By Rosemary Bailey
This article was published in the April 2016 edition of Soul Search, the Journal of The Sole Society
Ed: Recently we received the following email from a non-member:
This card, 4” x 6”, was among some family photos. I have no idea what the connection of William Sewell is with my family. Someone must have thought it was of importance to save it all these years. I have passed by this card many times over the years but today I thought I would follow up on this card and try to read what is written. I ended up viewing it with a magnifying glass and could read its content. It doesn’t fit into my family tree. I entered William Sewell Esq. into the search engine and your [society’s] website came up. Does this item have any meaning to you or anyone in your group? Please advise.
Bye for now,
Robert Little, Hamilton, Ontario, Canada
Robert has very kindly transcribed the contents of the card and they appear overleaf with some biographical details of William. If you can identify him, please contact me (email on back page) and I will let Robert know.
Address Presented to
William Sewell Esq.
LLB. FELS. by the Renfrewshire Local Association of the Educational Institute of Scotland
Having heard that after fifty years of active service as a Public Teacher, you have resigned your position as Head Master of Pollok Academy, we, your Brethren of the Renfrewshire Local Association of the Educational Institute of Scotland, feel we can not let the occasion pass without testifying our respect for your talents and our esteem for your virtues.
In the extended period of our professional intercourse that respect has deepened into regard that esteem has ripened into affection. Others, besides ourselves have recognised and appreciated these talents and virtues.
As a Parochial Schoolmaster, your Brethren have acknowledge your merit by raising you to the highest offices they have had it in their power to bestow and have frequently entrusted to y our management important Educational negotiations.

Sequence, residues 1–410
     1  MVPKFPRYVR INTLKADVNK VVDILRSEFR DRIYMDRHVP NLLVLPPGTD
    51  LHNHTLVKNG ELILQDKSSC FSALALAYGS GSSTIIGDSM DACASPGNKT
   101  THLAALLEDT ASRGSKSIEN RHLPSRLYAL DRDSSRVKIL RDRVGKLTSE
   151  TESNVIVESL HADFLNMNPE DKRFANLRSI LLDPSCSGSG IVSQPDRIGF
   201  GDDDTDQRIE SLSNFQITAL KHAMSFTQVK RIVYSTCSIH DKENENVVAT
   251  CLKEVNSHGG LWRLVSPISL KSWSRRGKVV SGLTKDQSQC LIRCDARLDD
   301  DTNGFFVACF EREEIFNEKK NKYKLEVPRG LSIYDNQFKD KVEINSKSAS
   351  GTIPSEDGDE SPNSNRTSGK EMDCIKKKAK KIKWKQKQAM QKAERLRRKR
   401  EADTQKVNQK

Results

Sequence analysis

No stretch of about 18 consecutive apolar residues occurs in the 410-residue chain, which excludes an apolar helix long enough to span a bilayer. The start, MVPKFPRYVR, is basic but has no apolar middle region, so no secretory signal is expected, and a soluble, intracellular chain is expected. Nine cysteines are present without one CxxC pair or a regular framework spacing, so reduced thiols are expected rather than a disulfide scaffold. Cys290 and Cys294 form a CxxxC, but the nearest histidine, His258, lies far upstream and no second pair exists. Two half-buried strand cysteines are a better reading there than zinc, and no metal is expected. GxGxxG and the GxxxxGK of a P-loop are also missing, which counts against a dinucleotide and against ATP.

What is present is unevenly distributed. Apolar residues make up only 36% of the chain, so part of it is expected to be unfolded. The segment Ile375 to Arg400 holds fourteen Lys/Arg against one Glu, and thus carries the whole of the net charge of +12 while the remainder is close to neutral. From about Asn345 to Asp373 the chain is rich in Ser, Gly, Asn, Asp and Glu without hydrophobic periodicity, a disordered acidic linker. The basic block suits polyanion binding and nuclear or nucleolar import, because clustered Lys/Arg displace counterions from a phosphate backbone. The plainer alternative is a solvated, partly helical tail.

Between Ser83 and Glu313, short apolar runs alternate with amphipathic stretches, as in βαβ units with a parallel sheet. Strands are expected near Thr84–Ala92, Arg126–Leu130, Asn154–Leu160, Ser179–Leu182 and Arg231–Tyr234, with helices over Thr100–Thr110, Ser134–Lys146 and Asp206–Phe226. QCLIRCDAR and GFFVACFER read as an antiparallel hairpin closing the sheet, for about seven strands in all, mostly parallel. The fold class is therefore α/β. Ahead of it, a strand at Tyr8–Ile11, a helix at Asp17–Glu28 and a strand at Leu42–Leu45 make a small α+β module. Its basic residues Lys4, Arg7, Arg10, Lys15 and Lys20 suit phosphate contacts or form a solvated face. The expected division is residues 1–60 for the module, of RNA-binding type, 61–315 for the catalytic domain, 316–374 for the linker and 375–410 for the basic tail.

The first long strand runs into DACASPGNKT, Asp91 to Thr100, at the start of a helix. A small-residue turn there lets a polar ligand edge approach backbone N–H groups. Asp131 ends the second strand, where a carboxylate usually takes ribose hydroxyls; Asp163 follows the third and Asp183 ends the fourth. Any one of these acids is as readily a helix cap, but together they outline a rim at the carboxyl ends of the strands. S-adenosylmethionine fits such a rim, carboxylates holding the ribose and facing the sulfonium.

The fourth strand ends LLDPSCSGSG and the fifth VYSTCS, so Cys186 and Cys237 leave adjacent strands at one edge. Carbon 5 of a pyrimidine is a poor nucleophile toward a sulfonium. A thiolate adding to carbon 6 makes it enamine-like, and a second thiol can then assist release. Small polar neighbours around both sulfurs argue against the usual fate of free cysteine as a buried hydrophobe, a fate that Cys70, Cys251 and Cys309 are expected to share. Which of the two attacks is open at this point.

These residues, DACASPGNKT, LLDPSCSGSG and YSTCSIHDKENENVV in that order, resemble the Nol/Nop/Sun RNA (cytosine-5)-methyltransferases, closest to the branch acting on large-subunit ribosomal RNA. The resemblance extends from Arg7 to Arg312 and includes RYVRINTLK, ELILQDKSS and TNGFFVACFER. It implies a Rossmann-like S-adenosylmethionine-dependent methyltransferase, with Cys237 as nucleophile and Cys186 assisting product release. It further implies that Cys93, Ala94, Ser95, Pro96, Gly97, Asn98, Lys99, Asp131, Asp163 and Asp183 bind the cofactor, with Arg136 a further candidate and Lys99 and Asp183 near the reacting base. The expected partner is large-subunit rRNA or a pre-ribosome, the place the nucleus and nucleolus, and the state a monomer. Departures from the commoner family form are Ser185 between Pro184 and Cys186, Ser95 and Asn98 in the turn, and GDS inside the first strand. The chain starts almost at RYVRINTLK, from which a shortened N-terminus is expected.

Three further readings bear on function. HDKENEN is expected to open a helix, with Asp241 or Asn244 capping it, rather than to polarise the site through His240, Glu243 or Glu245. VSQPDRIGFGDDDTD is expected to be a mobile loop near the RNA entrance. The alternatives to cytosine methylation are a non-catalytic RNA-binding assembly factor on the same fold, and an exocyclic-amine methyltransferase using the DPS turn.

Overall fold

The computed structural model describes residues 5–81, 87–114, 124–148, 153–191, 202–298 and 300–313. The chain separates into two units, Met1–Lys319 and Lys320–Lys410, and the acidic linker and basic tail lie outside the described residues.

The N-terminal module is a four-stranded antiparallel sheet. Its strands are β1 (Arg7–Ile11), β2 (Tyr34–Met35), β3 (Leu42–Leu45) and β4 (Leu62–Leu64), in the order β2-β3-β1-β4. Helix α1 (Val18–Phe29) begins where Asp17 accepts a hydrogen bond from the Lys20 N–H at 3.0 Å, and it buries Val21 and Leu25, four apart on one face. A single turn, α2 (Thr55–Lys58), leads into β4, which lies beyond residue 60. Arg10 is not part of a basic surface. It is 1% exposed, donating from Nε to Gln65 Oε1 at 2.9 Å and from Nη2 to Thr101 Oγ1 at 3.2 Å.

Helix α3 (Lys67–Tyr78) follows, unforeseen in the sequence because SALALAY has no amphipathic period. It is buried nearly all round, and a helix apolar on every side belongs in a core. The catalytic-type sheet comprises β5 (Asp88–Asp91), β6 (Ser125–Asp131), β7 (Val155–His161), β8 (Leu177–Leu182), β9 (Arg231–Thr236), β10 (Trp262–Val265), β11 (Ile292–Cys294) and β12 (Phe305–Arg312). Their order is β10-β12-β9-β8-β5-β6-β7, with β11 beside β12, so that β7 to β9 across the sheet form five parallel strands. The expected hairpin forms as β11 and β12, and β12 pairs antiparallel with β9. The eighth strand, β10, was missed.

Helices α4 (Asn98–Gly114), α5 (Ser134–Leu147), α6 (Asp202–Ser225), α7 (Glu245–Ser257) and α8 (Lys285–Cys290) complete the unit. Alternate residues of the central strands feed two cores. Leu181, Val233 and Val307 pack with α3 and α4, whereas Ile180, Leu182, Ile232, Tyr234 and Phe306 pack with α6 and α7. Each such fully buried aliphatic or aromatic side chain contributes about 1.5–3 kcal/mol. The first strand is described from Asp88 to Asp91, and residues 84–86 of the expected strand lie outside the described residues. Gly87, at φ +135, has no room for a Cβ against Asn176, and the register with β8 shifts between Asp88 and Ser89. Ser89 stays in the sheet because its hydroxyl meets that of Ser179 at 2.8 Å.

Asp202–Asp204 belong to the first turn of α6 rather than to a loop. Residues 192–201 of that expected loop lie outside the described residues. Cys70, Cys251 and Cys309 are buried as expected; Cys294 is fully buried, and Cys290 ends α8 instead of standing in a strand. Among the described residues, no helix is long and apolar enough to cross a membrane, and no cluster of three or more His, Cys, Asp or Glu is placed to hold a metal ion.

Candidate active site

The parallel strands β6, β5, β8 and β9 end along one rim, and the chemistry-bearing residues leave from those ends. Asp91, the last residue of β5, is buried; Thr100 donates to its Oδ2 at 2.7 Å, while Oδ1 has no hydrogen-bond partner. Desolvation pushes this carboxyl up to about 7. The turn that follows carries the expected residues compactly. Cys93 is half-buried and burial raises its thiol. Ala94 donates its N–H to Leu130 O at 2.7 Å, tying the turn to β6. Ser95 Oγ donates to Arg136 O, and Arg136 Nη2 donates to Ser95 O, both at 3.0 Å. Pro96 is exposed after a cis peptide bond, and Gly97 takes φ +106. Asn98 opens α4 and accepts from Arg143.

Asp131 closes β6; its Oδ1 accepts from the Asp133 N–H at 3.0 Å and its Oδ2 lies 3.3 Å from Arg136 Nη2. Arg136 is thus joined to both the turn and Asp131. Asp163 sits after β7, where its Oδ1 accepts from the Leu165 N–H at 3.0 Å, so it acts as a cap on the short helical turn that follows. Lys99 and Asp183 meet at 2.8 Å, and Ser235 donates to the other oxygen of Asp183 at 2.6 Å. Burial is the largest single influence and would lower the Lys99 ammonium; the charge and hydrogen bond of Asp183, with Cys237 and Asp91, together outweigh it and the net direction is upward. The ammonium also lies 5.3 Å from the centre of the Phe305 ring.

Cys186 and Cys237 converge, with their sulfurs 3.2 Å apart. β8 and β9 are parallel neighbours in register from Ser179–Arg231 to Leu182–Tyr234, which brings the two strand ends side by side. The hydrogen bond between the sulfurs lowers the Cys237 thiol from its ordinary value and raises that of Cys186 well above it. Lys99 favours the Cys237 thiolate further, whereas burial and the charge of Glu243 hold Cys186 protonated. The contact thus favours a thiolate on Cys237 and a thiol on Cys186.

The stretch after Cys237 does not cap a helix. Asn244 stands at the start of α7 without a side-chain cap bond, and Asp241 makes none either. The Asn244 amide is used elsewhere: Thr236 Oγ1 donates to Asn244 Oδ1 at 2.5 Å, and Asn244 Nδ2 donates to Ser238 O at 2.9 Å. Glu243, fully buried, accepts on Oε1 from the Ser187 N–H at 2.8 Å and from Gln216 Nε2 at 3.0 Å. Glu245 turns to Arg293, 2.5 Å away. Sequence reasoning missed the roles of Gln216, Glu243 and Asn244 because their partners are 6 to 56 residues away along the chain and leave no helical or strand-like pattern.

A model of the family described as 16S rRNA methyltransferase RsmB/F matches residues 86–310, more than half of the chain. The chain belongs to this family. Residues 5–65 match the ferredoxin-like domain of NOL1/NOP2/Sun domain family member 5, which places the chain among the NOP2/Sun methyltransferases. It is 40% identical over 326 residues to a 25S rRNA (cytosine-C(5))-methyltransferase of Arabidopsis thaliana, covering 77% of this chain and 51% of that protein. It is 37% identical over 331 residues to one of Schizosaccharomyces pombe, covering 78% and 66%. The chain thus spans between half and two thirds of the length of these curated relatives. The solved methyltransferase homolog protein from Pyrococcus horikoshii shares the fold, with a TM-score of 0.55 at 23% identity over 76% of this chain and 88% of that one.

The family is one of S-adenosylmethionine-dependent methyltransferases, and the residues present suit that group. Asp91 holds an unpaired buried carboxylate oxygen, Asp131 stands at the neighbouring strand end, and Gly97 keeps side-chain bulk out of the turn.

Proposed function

As a member of the Educational Institute of Scotland from it’s foundation, you have taken an active part in all its varied work, have been for many a most useful member of all its important Committees and of many of it’s Deputations to allied Educational Organizations and to Government and P_____P_____ this distinguished honour of being appointed it’s President and of residing over one of it’s most splendid Congresses. Further in recognition of your services as an Educationist. The University of Glasgow in 1887, conferred on you their highest mark of distinction. The degree of Doctor of Laws, and In all these honours, your fellow teachers feels themselves likewise honoured.
We thank you cordially for all you have done by your influences and advice in the course of Education and behalf of Teachers, we acknowledge, indeed, that few have done so much for either. We thank you specially for the great Benefits you have by your care and zeal, conferred upon our Local Association.
We are glad your retirement from the heavy cares and responsibilities of a __ Educational Institution which has been so eminently successful under your direction does not break the ties that binds you to us as fellow members of the Institute. We hope still to enjoy the great advantages of your matured experience, insight and ability in the many important and difficult questions that interest us as Educationalists. It is therefore, with earnest sincerity, we add our wishes, ____length of days many be accorded you by a Gracious Providence and with health and happiness h in the eventide there may be light.
In name of the Renfrewshire Local Association of the Educational Institute of Scotland.
We are, Dear Sir, Ever cordially yours
Robert CB Watt, Chairman, Jas Maxton, Secretary, Robert Thexton, Treasurer
Glasgow 5th December 1891
The only record Ian Sewell, our Sewell Research Co-ordinator can find is the 1881 census which suggests William was born in about 1817 in Teviothead, Roxburghshire. He was living at 7 High Cartcraigs, Pollokshaws and was married to Ellen, his occupation not surprisingly was schoolmaster. It looks like two children were living at home, John George (28) and Helen Jack (sic).
Ian did glean a bit about Pollock Academy. By 1856 the existing Parish School in Pollockshaw had become too small to meet the demand for education even although fees were still being charged. Pollock Academy replaced it soon after and William Sewell was the first headmaster. Pollok Academy, which stood at the adjacent corner of Maida Street and Pollokshaws Road from Pollok Parish Church, was designated a school of secondary or advanced, education in 1893, at that time one of the earliest in the country. The building was demolished in 1968. In 1879 William became President of the Educational Institute of Scotland, now the oldest teachers’ trade union in the world, and in 1889 received the honorary degree of Doctor of Law from Glasgow University.